IBM’s Collaboration with ASTRON to Look Behind the Edges of the Universe

Author: Usman Zafar Paracha
Published: April 10, 2012 at 6:05 am
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IBM has joined Netherlands Institute for Radio Astronomy (ASTRON) for the five year DOME Project for looking ahead of the universe. It has been announced by the company on April 2. The project DOME is named for the protective cover on telescopes and the popular Swiss mountain.

The Company and the Institute will work together in this five years collaboration costing about 32.9 million Euros initially to develop the Exascale computer systems required to operate the world’s largest and most sensitive radio telescope of international Square Kilometre Array (SKA). This extremely fast Exascale computer system would be able to read, analyze and store almost one Exabyte of data daily that is about twice of the entire daily traffic on the World Wide Web at this time.

Ton Engbersen, IBM Research – Zurich explains, “If you take the current global daily Internet traffic and multiply it by two, you are in the range of the data set that the Square Kilometre Array radio telescope will be collecting every day. This is Big Data Analytics to the extreme. With DOME we will embark on one of the most data intensive science projects ever planned, which will eventually have much broader applications beyond radio astronomy research.”

This would be not only the fastest computer system but also low powered computer as the scientists have estimated that the processing power of the computer to operate the telescope will be equivalent to several millions’ of today’s computers.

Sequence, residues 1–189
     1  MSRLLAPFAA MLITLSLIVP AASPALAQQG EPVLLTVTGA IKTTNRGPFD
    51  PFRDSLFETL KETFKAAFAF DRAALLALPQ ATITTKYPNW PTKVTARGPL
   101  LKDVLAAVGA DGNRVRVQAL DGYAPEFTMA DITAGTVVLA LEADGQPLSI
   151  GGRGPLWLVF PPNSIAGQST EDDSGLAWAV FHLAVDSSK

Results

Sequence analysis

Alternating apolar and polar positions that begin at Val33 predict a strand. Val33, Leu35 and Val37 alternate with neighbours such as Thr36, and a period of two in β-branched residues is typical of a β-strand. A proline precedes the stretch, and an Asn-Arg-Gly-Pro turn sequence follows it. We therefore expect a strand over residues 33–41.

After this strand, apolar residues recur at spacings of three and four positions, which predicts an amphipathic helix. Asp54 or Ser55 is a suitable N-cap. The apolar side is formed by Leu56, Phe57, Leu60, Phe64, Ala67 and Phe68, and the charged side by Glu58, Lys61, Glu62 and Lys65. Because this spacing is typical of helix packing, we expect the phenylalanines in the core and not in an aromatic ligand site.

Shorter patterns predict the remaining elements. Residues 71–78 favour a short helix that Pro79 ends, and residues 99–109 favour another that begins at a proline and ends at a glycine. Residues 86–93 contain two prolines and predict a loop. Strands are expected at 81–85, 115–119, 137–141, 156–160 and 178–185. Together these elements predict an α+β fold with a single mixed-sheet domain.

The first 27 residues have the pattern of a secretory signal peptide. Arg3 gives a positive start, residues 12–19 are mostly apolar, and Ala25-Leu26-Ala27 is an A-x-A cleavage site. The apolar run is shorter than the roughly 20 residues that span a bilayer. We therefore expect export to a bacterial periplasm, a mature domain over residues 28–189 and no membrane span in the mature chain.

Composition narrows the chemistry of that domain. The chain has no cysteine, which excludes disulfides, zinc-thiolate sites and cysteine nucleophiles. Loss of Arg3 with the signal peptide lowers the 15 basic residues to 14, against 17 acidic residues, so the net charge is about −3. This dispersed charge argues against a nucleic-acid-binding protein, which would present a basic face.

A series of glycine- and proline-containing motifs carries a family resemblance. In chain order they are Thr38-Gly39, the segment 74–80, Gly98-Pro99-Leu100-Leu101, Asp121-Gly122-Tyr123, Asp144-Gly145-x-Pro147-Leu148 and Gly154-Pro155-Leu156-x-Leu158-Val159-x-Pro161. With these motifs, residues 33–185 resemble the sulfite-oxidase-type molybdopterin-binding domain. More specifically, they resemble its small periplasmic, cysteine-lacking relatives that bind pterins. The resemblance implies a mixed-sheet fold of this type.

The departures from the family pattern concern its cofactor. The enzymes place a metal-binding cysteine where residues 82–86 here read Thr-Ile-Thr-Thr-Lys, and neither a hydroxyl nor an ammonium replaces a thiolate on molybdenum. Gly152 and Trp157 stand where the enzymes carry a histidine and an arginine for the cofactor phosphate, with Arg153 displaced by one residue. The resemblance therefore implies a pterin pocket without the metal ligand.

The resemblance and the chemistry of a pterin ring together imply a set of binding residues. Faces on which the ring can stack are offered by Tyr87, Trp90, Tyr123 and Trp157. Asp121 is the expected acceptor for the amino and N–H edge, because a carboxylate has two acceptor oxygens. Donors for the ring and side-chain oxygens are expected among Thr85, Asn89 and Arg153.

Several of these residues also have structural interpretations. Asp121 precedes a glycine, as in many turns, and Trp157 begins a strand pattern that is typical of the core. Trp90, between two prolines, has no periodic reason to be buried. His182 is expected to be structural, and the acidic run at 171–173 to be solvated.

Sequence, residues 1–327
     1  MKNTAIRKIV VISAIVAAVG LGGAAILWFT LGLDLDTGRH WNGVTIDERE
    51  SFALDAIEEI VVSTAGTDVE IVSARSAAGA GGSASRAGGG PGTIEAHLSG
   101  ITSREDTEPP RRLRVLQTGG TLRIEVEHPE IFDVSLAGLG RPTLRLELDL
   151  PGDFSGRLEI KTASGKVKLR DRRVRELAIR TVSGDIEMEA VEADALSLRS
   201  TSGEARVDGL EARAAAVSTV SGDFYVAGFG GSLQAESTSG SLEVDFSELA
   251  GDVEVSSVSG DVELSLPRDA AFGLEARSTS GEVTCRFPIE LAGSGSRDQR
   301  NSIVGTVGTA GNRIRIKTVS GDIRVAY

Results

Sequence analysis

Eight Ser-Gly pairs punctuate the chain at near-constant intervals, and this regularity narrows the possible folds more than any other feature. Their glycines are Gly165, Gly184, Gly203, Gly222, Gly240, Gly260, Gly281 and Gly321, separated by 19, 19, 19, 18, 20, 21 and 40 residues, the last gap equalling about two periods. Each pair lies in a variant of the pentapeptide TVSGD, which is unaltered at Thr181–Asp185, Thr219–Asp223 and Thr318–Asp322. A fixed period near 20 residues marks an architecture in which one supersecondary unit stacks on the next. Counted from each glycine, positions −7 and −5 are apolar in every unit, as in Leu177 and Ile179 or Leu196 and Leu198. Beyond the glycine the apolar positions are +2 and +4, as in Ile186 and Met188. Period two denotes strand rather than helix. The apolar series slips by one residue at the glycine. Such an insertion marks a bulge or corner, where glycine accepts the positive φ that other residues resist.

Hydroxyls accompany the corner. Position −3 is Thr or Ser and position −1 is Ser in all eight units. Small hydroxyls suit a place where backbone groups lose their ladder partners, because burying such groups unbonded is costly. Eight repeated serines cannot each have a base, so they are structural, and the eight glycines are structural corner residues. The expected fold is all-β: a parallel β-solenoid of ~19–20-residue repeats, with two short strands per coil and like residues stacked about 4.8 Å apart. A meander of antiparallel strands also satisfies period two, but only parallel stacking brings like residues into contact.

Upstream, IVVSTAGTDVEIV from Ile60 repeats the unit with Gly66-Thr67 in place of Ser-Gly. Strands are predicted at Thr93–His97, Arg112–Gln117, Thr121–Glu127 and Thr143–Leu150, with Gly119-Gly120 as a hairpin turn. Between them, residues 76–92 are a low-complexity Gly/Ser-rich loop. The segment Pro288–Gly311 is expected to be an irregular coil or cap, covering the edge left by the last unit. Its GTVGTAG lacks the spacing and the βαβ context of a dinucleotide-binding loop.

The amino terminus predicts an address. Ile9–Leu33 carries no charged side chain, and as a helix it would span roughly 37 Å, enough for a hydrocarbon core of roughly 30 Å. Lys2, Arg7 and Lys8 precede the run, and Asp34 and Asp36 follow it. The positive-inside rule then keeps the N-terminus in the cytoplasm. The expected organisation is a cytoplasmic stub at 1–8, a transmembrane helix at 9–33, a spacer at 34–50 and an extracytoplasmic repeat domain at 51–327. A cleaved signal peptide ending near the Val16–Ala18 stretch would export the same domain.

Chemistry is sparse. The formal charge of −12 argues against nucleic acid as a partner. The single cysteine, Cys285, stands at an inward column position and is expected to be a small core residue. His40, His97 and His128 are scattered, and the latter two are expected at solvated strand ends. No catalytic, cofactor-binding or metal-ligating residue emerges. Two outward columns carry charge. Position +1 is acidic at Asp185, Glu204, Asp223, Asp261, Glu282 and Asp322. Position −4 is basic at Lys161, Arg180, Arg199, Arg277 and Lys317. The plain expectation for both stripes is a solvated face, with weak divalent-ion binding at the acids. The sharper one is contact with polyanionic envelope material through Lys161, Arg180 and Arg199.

“Large research infrastructures like the SKA require extremely powerful computer systems to process all the data. The only acceptable way to build and operate these systems is to dramatically reduce their power consumption. DOME gives us unique opportunities to try out new approaches in Green Supercomputing. This will be beneficial for society at large as well,” said Marco de Vos, Managing Director of ASTRON.

The project is expected to be completed by 2024 and will enable the scientists to see the origins of the universe, evolving galaxies and dark matter beyond 13 billion light years of distance in the universe.

Suppose, scientists will successfully complete their project in 2024 and they will be able to see through the very far sides of the universe. What do you think, they will see?

 
 

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Article Author: Usman Zafar Paracha

Usman Zafar Paracha has been blogging in science and technology for more than 6 years. He is CEO of SayPeople.com. Email: uzparacha@yahoo.com Twitter: @jeepakistan

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